Newt Gingrich ran into some trouble recently when we learned that he lobbied for Freddie Mac and then lied about it. That said, despite exceedingly unflattering revelations, voters didn’t seem to care much about the story, and the headlines soon faded.

Mitt Romney, scrambling to stem Gingrich’s rise, hopes to bring the story back.

Mitt Romney said Monday that Newt Gingrich is part of a Washington culture that disgusts Americans, and called on the former House speaker to return the seven-figure sum he received from the government-backed lender Freddie Mac.

Asked on Fox News if he thinks Gingrich should give back the $1.6 million that Freddie Mac paid him, Romney answered: “I sure do.” […]

Romney noted that Gingrich originally said he’d taken a sizable sum from Freddie Mac in order to serve as a “historian.” “That’d make him the highest-paid historian in history,” Romney said.

This is a clean hit on an issue where Gingrich at least appears vulnerable. Unlike so many of Romney’s attacks, this one doesn’t even require lying.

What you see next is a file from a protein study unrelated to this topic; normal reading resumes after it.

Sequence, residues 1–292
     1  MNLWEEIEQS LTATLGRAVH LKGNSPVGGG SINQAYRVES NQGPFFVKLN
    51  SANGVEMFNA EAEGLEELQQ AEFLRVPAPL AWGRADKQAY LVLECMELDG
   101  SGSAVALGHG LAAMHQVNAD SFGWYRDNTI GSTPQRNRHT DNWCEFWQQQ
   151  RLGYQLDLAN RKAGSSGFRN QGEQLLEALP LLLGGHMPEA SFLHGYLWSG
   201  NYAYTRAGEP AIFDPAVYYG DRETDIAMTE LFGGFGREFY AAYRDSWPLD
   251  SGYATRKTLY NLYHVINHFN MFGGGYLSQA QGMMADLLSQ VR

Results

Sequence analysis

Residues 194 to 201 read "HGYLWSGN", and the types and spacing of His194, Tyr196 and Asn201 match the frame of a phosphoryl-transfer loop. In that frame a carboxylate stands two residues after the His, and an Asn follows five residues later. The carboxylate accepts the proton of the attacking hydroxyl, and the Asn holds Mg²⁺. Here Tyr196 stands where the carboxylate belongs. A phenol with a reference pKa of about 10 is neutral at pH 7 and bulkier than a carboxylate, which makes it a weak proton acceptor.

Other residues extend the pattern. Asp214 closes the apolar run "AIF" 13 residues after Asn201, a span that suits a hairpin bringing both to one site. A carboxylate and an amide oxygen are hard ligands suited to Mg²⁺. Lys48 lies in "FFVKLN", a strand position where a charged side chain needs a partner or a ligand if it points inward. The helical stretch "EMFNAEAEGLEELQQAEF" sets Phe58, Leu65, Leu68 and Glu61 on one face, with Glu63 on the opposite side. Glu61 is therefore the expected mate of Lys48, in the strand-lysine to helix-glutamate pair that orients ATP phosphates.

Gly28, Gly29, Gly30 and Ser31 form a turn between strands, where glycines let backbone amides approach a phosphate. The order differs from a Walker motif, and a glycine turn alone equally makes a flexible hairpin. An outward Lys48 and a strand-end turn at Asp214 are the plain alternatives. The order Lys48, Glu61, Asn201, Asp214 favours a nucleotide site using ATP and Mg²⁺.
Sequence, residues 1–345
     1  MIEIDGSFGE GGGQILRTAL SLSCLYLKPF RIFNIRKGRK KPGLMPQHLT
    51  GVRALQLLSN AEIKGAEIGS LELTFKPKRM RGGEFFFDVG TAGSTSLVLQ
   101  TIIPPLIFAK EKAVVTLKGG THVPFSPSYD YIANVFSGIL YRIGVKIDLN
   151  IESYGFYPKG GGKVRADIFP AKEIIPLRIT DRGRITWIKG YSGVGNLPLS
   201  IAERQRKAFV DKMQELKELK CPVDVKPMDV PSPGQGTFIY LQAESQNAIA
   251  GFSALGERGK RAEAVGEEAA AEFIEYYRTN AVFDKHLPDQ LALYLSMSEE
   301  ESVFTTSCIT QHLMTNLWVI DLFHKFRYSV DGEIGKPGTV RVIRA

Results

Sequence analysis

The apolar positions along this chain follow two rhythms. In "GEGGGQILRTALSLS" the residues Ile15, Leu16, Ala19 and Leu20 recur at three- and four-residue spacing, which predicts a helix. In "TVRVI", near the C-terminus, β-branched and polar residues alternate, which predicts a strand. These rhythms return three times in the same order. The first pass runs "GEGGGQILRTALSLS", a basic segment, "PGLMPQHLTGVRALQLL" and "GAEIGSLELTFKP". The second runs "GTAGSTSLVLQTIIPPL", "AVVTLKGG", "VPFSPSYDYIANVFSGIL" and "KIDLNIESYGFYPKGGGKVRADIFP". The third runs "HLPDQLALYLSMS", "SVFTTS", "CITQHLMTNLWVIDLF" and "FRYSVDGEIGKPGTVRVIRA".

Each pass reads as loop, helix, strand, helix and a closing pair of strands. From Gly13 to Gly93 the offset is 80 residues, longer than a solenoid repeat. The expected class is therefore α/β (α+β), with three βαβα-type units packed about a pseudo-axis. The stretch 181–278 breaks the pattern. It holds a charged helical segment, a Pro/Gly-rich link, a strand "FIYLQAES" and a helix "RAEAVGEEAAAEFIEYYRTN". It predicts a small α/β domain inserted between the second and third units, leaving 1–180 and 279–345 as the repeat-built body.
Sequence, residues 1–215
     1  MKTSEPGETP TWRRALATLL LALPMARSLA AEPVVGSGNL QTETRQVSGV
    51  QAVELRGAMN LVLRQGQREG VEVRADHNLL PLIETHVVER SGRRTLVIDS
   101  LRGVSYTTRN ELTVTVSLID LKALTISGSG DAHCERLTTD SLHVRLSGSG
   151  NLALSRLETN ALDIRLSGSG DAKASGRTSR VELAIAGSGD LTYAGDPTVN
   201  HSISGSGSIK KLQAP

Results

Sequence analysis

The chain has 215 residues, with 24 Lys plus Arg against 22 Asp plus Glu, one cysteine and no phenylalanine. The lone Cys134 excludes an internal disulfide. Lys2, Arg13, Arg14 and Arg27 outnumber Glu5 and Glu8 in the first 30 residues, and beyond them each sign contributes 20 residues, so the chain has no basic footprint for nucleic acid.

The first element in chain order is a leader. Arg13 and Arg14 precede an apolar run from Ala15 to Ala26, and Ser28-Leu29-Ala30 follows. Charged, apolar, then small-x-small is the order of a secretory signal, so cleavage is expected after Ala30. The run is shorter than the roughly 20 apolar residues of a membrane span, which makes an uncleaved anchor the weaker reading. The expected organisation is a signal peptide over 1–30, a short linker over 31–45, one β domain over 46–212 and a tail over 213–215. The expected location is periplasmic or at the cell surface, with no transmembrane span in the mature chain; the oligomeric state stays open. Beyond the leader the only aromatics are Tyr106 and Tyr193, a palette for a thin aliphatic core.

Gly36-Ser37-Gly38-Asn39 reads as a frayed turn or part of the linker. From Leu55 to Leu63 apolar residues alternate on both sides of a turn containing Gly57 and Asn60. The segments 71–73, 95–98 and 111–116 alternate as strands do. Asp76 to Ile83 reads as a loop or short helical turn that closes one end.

There is, however, a problem: Romney has some Freddie Mac troubles of his own.

Republican presidential candidate Mitt Romney has long been critical of Fannie Mae and Freddie Mac … [y]et Romney has profited from investments that were made in both government entities, according to his personal finance disclosure forms and documents compiled by American Bridge, one of several Democratic groups in Washington formed to back the election campaigns of Obama and other Democrats.

The issue illustrates the potential perils for a candidate with vast financial holdings whose rhetoric does not necessarily match his investment interests.

“Once again, Mitt Romney has proven his hypocrisy knows no limits,” said Ty Matsdorf, spokesman for American Bridge, which was formed earlier this year and has been going through the records of President Obama’s potential opponents. “To continually attack the housing crisis, yet invest up to a half a million dollars in the major players is absolutely mind boggling. I didn’t know a person could flip flop on themselves, but Romney has proven that wrong.”

It leads to a pretty straightforward question: if Gingrich should return the money he made by working for Freddie Mac, should Romney return the money he made by investing in Freddie Mac?

Steve Benen

Follow Steve on Twitter @stevebenen. Steve Benen is a producer at MSNBC's The Rachel Maddow Show. He was the principal contributor to the Washington Monthly's Political Animal blog from August 2008 until January 2012.